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Suppose my opponent has a Kaervek the Merciless

Whenever an opponent casts a spell, Kaervek the Merciless deals damage equal to that spell's mana value to any target.

and I have a Balefire Liege

Other red creatures you control get +1/+1. Other white creatures you control get +1/+1. Whenever you cast a red spell, Balefire Liege deals 3 damage to target player or planeswalker. Whenever you cast a white spell, you gain 3 life.

It's my turn, I have 1 life left and I try to Sword to Plowshares Kaervek. If I understand the rule correctly, I will first put the Balefire Liege +3 life on the stack, then my opponent will put the 1 damage to any target on the stack. On resolution, Kaervek will deal damage first and I will lose instantly. Rule 603.3b states:

603.3b If multiple abilities have triggered since the last time a player received priority, the abilities are placed on the stack in a two-part process. First, each player, in APNAP order, puts each triggered ability they control with a trigger condition that isn’t another ability triggering on the stack in any order they choose. (See rule 101.4.) Second, each player, in APNAP order, puts all remaining triggered abilities they control on the stack in any order they choose. Then the game once again checks for and performs state-based actions until none are performed, then abilities that triggered during this process go on the stack. This process repeats until no new state-based actions are performed and no abilities trigger. Then the appropriate player gets priority.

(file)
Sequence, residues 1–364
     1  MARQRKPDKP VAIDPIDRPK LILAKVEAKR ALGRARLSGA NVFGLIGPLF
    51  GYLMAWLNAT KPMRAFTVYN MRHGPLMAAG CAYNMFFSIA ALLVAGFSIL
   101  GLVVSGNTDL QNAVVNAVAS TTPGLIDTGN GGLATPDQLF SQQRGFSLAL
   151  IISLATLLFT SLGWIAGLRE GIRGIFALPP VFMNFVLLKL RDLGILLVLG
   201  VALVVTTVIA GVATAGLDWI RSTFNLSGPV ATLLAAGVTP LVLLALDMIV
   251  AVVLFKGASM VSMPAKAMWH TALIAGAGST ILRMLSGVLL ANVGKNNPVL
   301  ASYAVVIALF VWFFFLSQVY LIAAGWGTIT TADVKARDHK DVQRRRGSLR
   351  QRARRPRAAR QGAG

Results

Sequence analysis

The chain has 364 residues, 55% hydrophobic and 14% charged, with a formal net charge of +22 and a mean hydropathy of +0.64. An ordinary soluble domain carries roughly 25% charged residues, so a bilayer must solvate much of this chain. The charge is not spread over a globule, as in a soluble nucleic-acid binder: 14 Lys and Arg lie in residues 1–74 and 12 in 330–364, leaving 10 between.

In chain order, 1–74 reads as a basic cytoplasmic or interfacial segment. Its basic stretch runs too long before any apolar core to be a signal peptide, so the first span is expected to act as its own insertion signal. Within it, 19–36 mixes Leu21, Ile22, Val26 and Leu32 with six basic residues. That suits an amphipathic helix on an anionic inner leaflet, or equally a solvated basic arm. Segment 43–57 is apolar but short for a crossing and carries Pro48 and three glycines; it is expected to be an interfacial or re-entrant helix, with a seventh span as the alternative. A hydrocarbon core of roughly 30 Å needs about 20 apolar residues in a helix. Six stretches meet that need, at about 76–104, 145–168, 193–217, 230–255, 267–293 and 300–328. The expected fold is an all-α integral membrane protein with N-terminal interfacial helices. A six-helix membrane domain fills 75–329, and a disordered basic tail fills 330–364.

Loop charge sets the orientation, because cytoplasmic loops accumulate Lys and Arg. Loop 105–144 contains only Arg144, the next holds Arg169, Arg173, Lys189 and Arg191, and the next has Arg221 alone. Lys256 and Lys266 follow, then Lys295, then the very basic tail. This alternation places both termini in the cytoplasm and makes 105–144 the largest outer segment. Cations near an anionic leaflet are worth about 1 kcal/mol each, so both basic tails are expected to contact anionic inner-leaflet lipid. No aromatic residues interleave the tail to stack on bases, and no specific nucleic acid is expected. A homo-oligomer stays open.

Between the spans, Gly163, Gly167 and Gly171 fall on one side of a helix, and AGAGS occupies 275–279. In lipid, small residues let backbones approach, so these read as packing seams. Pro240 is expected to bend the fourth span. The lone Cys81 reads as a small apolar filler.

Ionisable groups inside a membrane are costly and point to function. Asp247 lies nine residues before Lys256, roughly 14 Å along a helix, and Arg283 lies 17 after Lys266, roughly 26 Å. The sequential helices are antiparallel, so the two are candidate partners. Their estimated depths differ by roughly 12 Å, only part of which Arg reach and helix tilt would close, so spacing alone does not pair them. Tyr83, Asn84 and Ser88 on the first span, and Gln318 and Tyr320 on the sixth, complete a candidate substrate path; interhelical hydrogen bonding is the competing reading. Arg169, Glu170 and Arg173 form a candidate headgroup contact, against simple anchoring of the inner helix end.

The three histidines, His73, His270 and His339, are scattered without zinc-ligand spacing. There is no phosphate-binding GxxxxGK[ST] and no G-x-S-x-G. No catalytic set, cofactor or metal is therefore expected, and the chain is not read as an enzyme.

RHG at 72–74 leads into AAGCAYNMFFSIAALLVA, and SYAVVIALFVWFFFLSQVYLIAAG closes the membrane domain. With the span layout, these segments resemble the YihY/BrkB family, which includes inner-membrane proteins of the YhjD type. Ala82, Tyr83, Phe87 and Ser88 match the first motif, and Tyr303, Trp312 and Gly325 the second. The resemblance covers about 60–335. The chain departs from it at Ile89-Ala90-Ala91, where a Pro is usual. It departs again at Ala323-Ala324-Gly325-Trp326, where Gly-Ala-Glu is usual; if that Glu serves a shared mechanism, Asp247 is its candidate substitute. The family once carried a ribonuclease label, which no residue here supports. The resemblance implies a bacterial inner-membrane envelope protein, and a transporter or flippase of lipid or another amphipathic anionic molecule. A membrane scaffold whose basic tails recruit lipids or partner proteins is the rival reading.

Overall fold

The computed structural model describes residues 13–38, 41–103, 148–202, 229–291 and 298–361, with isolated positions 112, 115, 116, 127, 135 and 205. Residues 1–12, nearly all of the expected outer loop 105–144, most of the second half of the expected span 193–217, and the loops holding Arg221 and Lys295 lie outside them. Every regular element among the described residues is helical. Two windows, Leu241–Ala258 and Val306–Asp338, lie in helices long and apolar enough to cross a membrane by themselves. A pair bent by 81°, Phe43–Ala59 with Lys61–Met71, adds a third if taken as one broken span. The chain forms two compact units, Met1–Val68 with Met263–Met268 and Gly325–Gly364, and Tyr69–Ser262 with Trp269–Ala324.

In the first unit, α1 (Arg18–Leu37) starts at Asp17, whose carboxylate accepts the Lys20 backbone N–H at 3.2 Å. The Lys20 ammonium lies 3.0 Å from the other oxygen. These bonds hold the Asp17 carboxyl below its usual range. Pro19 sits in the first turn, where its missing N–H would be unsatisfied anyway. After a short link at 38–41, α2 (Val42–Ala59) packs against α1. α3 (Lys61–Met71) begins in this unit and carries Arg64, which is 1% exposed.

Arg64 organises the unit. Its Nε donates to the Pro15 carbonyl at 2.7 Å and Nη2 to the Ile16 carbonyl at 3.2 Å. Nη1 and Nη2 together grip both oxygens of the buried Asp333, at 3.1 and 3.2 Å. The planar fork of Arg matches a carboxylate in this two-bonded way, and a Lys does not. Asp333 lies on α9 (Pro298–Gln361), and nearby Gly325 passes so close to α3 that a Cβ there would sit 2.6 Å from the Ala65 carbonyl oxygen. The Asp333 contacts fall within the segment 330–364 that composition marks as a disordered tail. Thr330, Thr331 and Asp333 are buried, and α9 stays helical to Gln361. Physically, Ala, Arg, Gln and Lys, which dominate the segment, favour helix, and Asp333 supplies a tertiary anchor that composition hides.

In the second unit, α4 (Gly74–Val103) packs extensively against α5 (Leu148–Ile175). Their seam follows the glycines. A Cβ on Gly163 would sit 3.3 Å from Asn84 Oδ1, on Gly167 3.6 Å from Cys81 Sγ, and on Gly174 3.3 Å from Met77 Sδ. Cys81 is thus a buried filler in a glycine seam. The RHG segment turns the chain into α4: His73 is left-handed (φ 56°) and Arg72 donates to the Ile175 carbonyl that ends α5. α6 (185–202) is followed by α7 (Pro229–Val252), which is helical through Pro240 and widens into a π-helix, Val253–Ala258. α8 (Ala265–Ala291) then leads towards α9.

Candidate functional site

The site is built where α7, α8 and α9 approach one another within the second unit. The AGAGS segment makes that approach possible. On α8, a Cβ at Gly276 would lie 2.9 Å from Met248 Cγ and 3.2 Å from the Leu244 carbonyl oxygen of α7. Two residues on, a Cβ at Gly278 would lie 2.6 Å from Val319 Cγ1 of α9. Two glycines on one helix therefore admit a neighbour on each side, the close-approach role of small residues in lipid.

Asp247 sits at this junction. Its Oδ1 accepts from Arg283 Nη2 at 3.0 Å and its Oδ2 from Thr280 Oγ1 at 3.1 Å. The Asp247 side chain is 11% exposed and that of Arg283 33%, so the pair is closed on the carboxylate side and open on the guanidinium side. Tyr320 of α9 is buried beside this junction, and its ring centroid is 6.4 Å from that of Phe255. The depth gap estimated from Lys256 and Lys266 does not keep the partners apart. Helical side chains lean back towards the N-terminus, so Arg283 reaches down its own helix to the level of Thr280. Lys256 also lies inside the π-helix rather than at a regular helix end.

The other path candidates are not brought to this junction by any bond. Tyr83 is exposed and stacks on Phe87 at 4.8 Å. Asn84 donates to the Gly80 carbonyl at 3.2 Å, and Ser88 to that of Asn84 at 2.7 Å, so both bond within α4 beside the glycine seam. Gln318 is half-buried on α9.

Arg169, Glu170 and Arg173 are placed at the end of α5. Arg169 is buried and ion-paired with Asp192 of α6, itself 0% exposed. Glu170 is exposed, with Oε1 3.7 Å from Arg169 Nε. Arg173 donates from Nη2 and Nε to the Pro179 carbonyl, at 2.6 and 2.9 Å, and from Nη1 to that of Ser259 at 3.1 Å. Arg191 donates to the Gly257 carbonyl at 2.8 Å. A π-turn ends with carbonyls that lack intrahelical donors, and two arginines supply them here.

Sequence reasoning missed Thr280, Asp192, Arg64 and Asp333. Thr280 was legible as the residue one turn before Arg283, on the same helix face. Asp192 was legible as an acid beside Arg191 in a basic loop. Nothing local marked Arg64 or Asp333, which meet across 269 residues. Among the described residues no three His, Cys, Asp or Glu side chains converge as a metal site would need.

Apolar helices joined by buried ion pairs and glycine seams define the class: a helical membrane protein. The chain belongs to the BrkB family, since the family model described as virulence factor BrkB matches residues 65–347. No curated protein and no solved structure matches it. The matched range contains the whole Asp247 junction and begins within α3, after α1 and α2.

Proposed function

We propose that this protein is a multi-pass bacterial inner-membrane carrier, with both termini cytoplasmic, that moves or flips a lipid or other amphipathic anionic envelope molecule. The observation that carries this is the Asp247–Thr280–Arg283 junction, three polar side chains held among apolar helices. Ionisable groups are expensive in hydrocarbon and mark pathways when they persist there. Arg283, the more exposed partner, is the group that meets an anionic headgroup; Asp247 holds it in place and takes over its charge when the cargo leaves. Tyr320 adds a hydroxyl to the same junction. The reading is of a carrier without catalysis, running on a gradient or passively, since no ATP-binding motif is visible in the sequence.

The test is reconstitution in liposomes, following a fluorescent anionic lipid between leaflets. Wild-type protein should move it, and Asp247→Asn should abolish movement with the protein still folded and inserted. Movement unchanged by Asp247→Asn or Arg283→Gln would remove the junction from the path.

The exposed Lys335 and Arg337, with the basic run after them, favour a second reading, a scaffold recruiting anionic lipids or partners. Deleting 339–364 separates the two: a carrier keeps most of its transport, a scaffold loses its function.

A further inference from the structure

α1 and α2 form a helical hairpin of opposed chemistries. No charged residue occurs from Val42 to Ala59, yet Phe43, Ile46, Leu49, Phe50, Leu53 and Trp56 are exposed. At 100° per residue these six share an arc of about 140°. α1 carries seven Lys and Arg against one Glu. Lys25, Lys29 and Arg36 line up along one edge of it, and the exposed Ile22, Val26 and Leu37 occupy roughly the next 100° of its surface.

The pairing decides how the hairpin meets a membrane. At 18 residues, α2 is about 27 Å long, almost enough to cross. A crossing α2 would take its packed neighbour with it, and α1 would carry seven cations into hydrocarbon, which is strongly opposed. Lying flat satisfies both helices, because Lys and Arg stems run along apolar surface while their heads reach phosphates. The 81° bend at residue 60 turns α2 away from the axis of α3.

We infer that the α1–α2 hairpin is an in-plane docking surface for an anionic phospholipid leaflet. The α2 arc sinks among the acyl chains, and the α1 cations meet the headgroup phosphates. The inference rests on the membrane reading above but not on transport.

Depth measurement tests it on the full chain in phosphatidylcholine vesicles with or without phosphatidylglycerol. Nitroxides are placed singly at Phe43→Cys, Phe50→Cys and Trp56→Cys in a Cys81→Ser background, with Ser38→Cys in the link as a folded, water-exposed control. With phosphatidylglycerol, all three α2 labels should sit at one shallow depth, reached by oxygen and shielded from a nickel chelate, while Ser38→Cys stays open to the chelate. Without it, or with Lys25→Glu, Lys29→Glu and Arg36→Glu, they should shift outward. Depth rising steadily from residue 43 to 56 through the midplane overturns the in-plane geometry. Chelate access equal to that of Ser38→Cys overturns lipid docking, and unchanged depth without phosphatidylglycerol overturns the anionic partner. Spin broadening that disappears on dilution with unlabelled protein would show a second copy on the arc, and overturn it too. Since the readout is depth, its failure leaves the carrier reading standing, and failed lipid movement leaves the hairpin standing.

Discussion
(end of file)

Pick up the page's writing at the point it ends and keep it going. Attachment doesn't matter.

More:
It makes no sense to me as the active player will always be at a disadvantage since its triggered abilities will always resolve last.

Is this the correct interpretation of the rules? Would waiting for my opponent's turn to cast the Swords to Plowshares change anything to this?

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  • 1
    What is your question?
    – murgatroid99
    Jul 17 at 21:32
  • @murgatroid99 Basically, am I right or wrong
    – Eric
    Jul 17 at 21:38

1 Answer 1

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Yes, your interpretation of the rules is correct. And yes, waiting for your opponent's turn to cast the spell would change the outcome because a different player would be the active player, so the triggered abilities would get put on the stack in a different order.

The Active Player, Nonactive Player order rule is used almost everywhere that players need to make choices or take actions in some order. It is described in detail in rule 101.4:

If multiple players would make choices and/or take actions at the same time, the active player (the player whose turn it is) makes any choices required, then the next player in turn order (usually the player seated to the active player’s left) makes any choices required, followed by the remaining nonactive players in turn order. Then the actions happen simultaneously. This rule is often referred to as the “Active Player, Nonactive Player (APNAP) order” rule.

The ordering of triggered abilities is simply one consequence of this ordering rule.

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